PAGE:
It’s a nice soft ride as the boat pushes through the water, and very comfortable anywhere from 21 to 30 mph. It has a top speed of 33 mph with the 60-hp outboard at full throttle. I have played with the trim angle to bring the bow up a few degrees to get a bit more speed, but the boat will porpoise fairly easily from 23 mph on and I find that I have to trim back down. I was told by Gerry to just leave the trim all the way in to keep the bow down all the time, but I sometimes push it a bit on a calm day.
The hull, with its ample radius at the turn of the bilge, banks into turns made at speed. It’s a strange feeling at first, as it seems to slip out under you—very different from a planing hull with hard chines that slide through a turn. The Georgian Bay’s cornering is very forgiving and just plain fun.
The boat inspires confidence, as rough water does not seem to bother it. The sound of the water against the hull has surprised us at times as we remembered there was only ⅜” of cedar between us and the water. The whole experience soon becomes second nature, and the sound melts away. You can get a bit of spray if going through a big wake as it rides up the wake and comes down hard. I usually try to roll with a big wake or just avoid it all together.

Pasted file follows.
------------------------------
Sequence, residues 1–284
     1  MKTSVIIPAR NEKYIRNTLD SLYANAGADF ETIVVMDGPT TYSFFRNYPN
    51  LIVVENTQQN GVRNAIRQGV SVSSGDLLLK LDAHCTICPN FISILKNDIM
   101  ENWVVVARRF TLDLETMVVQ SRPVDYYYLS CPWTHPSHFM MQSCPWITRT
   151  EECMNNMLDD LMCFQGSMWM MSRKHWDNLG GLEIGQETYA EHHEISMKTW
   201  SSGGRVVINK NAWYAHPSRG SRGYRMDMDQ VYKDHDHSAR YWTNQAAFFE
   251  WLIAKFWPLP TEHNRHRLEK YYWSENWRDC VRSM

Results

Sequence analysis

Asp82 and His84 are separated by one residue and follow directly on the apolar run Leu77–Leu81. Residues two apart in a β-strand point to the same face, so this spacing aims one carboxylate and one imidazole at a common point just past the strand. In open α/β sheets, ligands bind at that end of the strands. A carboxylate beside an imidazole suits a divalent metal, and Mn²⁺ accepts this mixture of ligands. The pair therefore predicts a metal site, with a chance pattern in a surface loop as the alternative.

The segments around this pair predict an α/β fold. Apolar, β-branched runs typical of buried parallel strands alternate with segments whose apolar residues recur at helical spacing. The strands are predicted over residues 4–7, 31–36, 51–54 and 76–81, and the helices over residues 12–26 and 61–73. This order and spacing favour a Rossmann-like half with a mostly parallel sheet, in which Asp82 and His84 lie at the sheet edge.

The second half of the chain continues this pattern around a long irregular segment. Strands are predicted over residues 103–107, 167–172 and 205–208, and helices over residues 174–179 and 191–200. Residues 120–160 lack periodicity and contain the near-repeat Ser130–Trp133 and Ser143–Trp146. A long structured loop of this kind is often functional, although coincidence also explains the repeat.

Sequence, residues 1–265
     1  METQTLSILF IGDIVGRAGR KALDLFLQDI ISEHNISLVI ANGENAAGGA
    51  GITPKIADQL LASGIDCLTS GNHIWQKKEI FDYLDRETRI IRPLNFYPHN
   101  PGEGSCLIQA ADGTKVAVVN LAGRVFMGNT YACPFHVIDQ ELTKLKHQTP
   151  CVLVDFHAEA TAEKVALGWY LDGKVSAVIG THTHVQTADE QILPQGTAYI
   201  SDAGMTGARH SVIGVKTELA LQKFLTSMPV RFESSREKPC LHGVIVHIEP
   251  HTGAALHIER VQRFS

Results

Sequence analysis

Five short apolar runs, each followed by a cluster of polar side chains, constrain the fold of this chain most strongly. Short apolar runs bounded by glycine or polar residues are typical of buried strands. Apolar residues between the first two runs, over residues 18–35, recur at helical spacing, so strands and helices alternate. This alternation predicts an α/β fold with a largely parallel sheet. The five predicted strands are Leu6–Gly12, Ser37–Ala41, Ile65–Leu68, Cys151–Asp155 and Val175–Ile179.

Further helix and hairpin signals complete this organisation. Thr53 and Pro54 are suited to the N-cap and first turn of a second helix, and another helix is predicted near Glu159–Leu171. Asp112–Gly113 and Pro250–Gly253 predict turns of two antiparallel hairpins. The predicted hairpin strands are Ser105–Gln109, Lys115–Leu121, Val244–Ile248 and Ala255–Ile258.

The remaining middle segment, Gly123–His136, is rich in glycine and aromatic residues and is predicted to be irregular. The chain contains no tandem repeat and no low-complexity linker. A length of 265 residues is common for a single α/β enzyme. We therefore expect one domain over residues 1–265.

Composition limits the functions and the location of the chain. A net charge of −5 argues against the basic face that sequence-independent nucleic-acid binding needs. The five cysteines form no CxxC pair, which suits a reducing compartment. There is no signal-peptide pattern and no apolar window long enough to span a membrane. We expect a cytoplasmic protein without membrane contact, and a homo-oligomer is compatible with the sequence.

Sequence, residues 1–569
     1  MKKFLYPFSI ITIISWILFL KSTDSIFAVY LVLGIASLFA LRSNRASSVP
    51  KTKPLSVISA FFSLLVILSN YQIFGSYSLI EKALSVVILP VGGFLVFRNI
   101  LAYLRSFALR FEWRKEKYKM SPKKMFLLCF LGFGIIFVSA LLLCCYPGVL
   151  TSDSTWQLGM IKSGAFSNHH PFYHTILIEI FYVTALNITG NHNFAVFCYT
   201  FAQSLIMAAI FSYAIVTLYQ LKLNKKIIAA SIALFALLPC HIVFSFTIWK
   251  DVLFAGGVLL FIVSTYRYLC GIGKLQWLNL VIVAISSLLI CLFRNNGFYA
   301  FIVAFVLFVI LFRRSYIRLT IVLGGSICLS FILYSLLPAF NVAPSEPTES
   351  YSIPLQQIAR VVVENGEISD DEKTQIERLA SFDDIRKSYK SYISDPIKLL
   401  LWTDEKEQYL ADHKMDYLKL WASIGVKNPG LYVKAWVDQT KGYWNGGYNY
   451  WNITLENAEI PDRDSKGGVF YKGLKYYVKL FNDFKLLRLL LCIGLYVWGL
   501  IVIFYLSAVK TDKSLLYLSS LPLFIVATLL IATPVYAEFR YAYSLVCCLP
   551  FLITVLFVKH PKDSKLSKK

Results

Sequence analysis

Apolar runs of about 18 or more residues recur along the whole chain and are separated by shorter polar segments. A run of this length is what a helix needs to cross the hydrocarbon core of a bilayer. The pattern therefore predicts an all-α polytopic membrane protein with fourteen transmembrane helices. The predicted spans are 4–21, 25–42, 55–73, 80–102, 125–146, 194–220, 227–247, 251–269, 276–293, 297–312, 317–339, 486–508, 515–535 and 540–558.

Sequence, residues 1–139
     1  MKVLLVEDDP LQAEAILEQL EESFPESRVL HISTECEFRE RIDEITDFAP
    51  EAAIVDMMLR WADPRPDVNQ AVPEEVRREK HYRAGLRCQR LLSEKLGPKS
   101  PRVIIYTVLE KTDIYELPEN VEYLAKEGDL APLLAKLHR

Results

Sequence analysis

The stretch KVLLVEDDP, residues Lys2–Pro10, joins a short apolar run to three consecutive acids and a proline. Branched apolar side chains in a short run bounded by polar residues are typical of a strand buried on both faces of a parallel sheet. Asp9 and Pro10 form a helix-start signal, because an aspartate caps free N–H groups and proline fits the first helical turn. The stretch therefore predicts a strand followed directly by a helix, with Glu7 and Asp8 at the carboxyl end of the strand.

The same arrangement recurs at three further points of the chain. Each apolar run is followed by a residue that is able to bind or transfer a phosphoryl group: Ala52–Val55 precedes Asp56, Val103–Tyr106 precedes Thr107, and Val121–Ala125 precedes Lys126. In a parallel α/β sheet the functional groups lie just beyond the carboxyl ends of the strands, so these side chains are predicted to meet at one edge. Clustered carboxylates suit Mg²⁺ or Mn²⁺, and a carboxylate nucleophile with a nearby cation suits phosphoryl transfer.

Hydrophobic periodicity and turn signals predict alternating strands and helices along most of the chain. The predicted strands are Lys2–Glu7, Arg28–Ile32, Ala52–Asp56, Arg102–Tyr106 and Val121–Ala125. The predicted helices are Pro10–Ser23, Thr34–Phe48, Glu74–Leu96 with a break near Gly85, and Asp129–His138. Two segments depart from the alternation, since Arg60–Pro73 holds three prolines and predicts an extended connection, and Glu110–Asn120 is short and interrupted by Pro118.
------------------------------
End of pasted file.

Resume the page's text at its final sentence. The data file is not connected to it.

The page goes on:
The total draft is 22″: the boat draws 8″, and the motor trimmed all the way down adds 14″ so we can go between islands and look down through crystal-clear water to rock shelves close below. The shallow draft allows us to get into quiet bays, enjoy the landscape, and slip slowly between the islands dotting the Muskoka lakes.
I really could go on and on about this boat—it’s just that good. It is a solid, seemingly invincible small boat that’s mostly old school with just the right amount of modern safety and convenience. At the price you just can’t get any better. B. Giesler & Sons was started in 1927 and after almost 100 years of building boats, let’s hope they never stop.
Al Lyall is a retired corrections officer living peacefully in Muskoka with his wife, Theresa (who still feels the need to work). He enjoys spending time with their adult children and grandchildren. A longtime dreamer of owning a classic boat, Al is now making up for lost time out on the lakes of Muskoka, Ontario.
Georgian Bay Particulars (standard hull)
Weight: 500 lbs
Power: up to 90 hp